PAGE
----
What many people may not realize is that, although Netflix is known for giving writers and directors a long creative leash, the service has some of the most stringent audio and video quality standards around. 4K and HDR (including Dolby Vision) are the norm for any new movies and shows, and the service even offers a decent smattering of titles in Dolby Atmos. What’s more, it recently introduced adaptive studio-quality sound that’s only available to viewers with surround sound or Atmos systems—just one example of the company’s commitment to audiovisual excellence. Granted, the quality of presentation can depend on how you’re accessing the app. But apart from UHD Blu-ray discs or Kaleidescape, Netflix is at the top of the quality mountain for presentation, and arguably for content.

 

 

Vudu & iTunes

DELIVERY  Consistently excellent

CONTENT  No original programming—traditional Hollywood fare instead

Vudu and iTunes don’t create original content—at least not 

yet—but they do offer access to a gigantic catalog of movies and TV shows from most of the major studios. Also, unlike most streaming services, they work primarily on an à la carte purchase model, meaning you don’t pay a monthly fee, but rather pick and choose what you buy or rent (an option Amazon also dabbles in).

 

Both Vudu and iTunes give you the option of downloading movies, but most people simply stream them in real time. If you have a decent-enough internet connection, they can deliver quality on par with Netflix (meaning nearly as good as discs), and both offer tons of movies in 4K/HDR with Dolby Atmos sound.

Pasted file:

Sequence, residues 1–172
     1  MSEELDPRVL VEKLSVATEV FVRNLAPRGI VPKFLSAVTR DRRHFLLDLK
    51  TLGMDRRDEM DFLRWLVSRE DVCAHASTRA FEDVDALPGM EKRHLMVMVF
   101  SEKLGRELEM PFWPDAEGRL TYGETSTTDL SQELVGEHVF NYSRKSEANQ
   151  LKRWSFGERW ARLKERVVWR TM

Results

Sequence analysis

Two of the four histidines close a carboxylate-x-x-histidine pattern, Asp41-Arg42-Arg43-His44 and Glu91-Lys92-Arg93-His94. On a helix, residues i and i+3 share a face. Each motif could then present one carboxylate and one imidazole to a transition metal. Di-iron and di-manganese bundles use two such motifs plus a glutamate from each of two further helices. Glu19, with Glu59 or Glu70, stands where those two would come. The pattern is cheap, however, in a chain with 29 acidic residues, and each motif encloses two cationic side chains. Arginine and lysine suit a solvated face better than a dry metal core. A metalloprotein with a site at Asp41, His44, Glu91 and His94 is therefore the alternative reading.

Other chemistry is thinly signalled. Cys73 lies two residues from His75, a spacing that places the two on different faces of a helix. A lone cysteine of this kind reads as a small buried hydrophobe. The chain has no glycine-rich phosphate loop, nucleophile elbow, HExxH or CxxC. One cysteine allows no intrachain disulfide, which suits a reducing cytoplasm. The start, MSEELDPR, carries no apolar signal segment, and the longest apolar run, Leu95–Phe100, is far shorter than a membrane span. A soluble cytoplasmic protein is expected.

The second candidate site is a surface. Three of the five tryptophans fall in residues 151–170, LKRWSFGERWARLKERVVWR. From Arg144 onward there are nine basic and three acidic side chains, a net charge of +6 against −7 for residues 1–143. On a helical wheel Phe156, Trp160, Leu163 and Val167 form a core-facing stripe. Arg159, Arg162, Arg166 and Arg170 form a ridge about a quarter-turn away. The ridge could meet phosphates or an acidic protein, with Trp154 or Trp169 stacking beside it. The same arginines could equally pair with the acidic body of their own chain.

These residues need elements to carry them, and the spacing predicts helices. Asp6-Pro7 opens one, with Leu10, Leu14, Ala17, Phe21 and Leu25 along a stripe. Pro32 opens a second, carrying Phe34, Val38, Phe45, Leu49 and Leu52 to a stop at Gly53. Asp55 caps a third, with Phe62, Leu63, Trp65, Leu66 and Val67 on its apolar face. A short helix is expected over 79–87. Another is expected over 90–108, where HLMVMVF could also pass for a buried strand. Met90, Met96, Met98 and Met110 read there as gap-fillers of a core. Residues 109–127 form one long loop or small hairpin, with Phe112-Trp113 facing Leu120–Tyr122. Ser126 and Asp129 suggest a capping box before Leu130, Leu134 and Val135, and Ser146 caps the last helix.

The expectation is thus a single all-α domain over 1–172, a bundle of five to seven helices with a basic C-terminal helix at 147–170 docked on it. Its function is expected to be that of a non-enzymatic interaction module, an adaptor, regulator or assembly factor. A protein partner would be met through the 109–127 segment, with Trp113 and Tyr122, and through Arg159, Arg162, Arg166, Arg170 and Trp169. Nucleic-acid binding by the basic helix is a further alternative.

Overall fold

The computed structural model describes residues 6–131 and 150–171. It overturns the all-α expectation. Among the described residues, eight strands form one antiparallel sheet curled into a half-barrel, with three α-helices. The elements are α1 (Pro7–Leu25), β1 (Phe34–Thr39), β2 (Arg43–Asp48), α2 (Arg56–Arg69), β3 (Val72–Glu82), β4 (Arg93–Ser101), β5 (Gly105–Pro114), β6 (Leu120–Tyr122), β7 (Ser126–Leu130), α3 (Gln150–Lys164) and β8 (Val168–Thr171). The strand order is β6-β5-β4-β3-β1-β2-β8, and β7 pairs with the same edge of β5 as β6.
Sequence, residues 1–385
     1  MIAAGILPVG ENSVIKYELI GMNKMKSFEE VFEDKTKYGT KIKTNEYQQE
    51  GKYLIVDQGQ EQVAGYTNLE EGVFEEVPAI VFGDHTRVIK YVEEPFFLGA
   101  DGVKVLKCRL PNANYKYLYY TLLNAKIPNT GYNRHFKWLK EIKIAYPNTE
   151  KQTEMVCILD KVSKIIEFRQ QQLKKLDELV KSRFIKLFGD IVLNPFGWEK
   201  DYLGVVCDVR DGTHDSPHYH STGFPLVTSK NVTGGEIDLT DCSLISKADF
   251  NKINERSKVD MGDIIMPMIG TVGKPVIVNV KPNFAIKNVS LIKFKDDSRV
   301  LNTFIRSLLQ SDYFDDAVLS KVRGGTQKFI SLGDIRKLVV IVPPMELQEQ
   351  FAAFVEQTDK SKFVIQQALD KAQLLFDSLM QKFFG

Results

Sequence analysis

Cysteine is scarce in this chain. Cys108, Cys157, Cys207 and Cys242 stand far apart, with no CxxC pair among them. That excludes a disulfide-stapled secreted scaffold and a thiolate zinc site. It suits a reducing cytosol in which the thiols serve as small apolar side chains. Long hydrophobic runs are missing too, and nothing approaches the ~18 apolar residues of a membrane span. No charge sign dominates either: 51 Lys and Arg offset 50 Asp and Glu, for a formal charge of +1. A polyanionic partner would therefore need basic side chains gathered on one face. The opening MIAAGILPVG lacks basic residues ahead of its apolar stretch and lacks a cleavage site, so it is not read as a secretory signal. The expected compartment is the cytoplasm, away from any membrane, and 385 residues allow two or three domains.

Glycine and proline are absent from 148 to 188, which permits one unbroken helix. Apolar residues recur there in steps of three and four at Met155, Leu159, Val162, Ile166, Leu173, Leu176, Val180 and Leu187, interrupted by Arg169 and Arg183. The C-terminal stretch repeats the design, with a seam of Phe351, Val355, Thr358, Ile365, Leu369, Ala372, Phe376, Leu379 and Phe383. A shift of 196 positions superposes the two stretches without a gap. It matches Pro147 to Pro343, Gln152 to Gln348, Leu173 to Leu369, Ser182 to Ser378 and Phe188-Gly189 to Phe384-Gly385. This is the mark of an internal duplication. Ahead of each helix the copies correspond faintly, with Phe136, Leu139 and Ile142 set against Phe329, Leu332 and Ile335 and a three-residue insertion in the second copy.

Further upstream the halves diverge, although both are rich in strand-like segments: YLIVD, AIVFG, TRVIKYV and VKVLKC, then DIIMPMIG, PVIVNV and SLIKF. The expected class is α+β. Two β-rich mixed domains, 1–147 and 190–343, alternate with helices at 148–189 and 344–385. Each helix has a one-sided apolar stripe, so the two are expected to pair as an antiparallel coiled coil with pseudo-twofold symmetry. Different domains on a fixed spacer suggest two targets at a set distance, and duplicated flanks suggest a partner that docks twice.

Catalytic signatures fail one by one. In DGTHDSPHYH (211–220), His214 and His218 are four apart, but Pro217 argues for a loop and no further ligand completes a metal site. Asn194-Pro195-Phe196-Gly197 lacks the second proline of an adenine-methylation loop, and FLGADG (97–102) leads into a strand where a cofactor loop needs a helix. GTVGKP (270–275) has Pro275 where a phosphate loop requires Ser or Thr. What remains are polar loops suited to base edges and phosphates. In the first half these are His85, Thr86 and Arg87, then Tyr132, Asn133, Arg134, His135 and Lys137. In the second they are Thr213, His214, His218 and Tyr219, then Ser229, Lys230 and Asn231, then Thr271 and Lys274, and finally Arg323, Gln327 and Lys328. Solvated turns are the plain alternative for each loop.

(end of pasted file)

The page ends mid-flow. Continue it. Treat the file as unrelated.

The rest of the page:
These services do have a very Hollywood-driven mindset, though, so expect to see very traditional offerings, with the latest Hollywood blockbusters put in front of you on a regular basis. Whether or not that floats your boat is entirely subjective, of course.

 

 

UHD Blu-ray & Kaleidescape

DELIVERY  Unrivaled

CONTENT  No original programming, but extremely deep catalogs

While the very best streaming services like Netflix and Vudu may be pushing audio and video quality to the point of diminishing returns, UHD Blu-ray discs (if you have a lot of free shelf space) and Kaleidescape downloads (if you’re done with discs) are still the only way to ensure the absolute best in compromise-free audio and video presentation. Streaming at its best gets close, but for some, “close” just isn’t good enough.

 

Both Blu-ray and Kaleidescape mostly serve to deliver major-studio content. But Kaleidescape in particular makes it very easy to find the best of this content thanks to its curated collections. Want to buy all of 2019’s Golden Globe nominees? They’re just a single click-and-a-download away. The Kaleidescape store also has nearly 80 of AFI’s Top 100 Movies of all time, and nearly 75 years’ worth of Best Picture Oscar winners. Frankly, none of the streaming services comes anywhere close to that. What’s more, Kaleidescape’s innovative user interface makes it easier than ever to find exactly the right movie to scratch your current itch, even if you’re not sure what that itch is.

John Higgins & Dennis Burger